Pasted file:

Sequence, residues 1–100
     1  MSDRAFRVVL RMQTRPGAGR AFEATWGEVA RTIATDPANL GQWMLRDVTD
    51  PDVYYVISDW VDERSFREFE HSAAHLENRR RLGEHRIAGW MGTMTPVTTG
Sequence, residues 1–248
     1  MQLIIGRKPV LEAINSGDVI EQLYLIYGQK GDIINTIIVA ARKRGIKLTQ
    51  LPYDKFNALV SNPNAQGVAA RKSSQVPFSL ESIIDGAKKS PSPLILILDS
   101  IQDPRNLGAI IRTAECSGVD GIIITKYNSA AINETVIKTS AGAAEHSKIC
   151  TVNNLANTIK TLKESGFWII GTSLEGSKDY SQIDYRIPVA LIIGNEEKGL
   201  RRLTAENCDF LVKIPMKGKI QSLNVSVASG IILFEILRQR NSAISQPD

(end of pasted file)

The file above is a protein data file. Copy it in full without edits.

Sequence, residues 1–100
     1  MSDRAFRVVL RMQTRPGAGR AFEATWGEVA RTIATDPANL GQWMLRDVTD
    51  PDVYYVISDW VDERSFREFE HSAAHLENRR RLGEHRIAGW MGTMTPVTTG
Sequence, residues 1–248
     1  MQLIIGRKPV LEAINSGDVI EQLYLIYGQK GDIINTIIVA ARKRGIKLTQ
    51  LPYDKFNALV SNPNAQGVAA RKSSQVPFSL ESIIDGAKKS PSPLILILDS
   101  IQDPRNLGAI IRTAECSGVD GIIITKYNSA AINETVIKTS AGAAEHSKIC
   151  TVNNLANTIK TLKESGFWII GTSLEGSKDY SQIDYRIPVA LIIGNEEKGL
   201  RRLTAENCDF LVKIPMKGKI QSLNVSVASG IILFEILRQR NSAISQPD